The acoustic set was sheer brilliance! Not only from a sound quality perspective, but also in general. All 5 members were sitting within several feet of each other, instead of spread across the giant stage. What a fabulous way to hear Yes songs. I would sincerely hope they consider doing their next tour completely in this 'semi-acoustic' set up. Their treatment of "Roundabout"---a song I'm sure they're a bit tired of playing over and over---was fantastic. It was worth hearing again in this style.
Jon's voice hasn't sounded this good in years. It almost sounded like he got some of his range back...And Chris' voice was great as well. Their two early surprises "Every litte Thing" and "Sweet Dreams" caught most people off guard, but really fit nicely into the setlist. The encore ended with "Soon"---a stunning, moving, transcendent finish to a great evening.
Just got back from the Chicago show, and it was really an enjoyable evening.
I was hoping to see the Rosemont Hori.. er, Allstate Arena a bit more full, but the floor & risers were full and and a fair number of folks in the upper balcony, where I was (got tickets for the show way late, was the best I could do). Very enthusiastic crowd, and the band seemed to really be enjoying themselves.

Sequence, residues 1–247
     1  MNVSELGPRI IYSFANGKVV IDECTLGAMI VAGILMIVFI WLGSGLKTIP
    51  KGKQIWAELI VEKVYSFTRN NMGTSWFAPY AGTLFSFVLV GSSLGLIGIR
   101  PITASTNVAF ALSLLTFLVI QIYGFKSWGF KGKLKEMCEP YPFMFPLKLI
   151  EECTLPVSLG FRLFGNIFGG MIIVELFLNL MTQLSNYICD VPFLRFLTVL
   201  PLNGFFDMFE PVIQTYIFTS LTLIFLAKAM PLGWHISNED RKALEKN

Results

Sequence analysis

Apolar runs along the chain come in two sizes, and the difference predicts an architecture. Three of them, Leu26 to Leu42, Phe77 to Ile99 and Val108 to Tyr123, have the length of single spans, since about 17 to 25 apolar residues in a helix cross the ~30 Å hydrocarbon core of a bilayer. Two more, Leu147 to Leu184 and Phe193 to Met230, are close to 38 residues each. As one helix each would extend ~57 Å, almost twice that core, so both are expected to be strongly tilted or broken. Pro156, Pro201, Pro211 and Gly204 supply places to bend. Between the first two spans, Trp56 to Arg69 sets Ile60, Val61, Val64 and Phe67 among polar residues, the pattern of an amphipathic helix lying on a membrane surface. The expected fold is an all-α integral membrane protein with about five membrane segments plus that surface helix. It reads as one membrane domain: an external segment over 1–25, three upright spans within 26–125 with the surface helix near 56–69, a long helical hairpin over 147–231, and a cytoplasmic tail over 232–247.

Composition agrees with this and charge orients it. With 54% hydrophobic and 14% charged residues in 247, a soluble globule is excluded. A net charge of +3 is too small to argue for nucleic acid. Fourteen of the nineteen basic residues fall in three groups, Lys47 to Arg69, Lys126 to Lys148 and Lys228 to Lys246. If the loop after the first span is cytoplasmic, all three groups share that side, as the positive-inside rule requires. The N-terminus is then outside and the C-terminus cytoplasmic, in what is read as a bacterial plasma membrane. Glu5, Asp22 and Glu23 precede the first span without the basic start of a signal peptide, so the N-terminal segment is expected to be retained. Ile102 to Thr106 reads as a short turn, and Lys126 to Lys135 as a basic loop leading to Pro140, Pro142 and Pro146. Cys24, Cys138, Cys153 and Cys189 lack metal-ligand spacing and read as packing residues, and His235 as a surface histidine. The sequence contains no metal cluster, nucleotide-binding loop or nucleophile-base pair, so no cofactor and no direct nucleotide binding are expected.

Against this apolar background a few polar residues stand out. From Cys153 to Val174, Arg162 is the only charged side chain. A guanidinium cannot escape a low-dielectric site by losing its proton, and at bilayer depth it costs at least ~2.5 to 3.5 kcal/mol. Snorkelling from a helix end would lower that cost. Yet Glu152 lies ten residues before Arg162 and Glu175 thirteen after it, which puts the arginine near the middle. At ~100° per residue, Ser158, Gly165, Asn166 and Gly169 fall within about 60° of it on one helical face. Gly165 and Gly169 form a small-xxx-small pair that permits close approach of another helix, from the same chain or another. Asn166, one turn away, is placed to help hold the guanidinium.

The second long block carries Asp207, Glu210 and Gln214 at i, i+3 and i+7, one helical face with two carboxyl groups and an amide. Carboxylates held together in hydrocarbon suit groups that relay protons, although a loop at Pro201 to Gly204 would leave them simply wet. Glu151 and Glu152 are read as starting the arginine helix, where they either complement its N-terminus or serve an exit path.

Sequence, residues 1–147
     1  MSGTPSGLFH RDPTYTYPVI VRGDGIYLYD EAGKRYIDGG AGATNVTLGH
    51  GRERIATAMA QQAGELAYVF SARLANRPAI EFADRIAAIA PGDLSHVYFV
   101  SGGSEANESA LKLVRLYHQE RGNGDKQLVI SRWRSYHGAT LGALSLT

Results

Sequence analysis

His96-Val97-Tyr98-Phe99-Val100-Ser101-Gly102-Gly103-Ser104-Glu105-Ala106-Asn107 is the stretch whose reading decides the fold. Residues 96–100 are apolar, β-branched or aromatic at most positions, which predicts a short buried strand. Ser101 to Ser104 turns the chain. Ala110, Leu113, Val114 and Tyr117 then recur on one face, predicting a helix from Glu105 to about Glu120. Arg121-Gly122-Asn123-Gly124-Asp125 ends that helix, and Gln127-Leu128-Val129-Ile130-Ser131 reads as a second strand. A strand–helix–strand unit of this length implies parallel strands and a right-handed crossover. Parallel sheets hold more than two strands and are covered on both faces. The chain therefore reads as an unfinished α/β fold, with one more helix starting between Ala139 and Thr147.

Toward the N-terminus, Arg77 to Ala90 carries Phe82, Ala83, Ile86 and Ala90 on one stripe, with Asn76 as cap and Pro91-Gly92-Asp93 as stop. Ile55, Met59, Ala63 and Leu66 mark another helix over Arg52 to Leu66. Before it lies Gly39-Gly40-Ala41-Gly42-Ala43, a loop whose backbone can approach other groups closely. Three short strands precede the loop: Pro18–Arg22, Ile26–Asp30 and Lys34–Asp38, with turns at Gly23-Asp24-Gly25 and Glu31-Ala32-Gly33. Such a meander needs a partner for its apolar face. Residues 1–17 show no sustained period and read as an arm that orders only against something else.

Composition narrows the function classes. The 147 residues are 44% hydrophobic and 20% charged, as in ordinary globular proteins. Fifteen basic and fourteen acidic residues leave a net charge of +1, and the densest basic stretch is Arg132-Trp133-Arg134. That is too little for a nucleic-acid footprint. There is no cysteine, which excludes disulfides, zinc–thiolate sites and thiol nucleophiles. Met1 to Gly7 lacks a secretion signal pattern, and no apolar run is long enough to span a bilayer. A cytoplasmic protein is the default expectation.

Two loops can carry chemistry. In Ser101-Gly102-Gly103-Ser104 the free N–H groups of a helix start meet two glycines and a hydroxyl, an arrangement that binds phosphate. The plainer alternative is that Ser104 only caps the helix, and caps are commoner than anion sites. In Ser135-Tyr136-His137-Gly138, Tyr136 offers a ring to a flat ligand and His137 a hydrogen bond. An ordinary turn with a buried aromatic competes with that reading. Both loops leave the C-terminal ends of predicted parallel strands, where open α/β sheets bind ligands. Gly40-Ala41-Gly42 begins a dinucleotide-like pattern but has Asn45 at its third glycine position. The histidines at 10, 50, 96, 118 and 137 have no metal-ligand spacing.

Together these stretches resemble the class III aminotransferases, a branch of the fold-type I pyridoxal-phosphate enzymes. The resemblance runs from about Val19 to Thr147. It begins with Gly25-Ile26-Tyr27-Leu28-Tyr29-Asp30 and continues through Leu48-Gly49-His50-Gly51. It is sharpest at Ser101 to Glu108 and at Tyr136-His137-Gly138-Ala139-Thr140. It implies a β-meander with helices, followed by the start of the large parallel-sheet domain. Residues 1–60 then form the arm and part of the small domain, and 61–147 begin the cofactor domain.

The set list was very similar to the other shows on this tour, but they included Nine Voices with about 40 high-school aged kids singing on stage with them. A very nice touch!
Sound-wise, Jon and Chris' vocals seemed right on the money from start to finish. Overall, though, I wasn't totally pleased with the sound--I'm not sure if it was the acoustics of the venue, but there seemed to be a lot of reverbation in the lower middle of the audio spectrum, and a lot of parts seemed to get lost in there. I particularly though it affected Going For The One, where you could barely pick out Steve's pedal steel, but the sound continued to improve as the night went on.
Highlights: South Side Of The Sky was killer, Steve and Rick were just tearing it up trading solos at the end! The acoustic set was fantastic, Rick was flying over the keys the entire time, and the sound was much clearer for that entire portion of the show--you could pick out all the parts easily. Rhythm of Love was really powerful, and Jon walked through the audience on the main floor while singing it, getting kisses and high fives from the crowd. And You And I was really strong, too; I don't think they could possibly play it better, and it was great watching Steve switching between two racked guitars and the pedal steel. Ritual was great, as was Soon--brought back great memories of when I used to listen to Yesshows over and over and over again.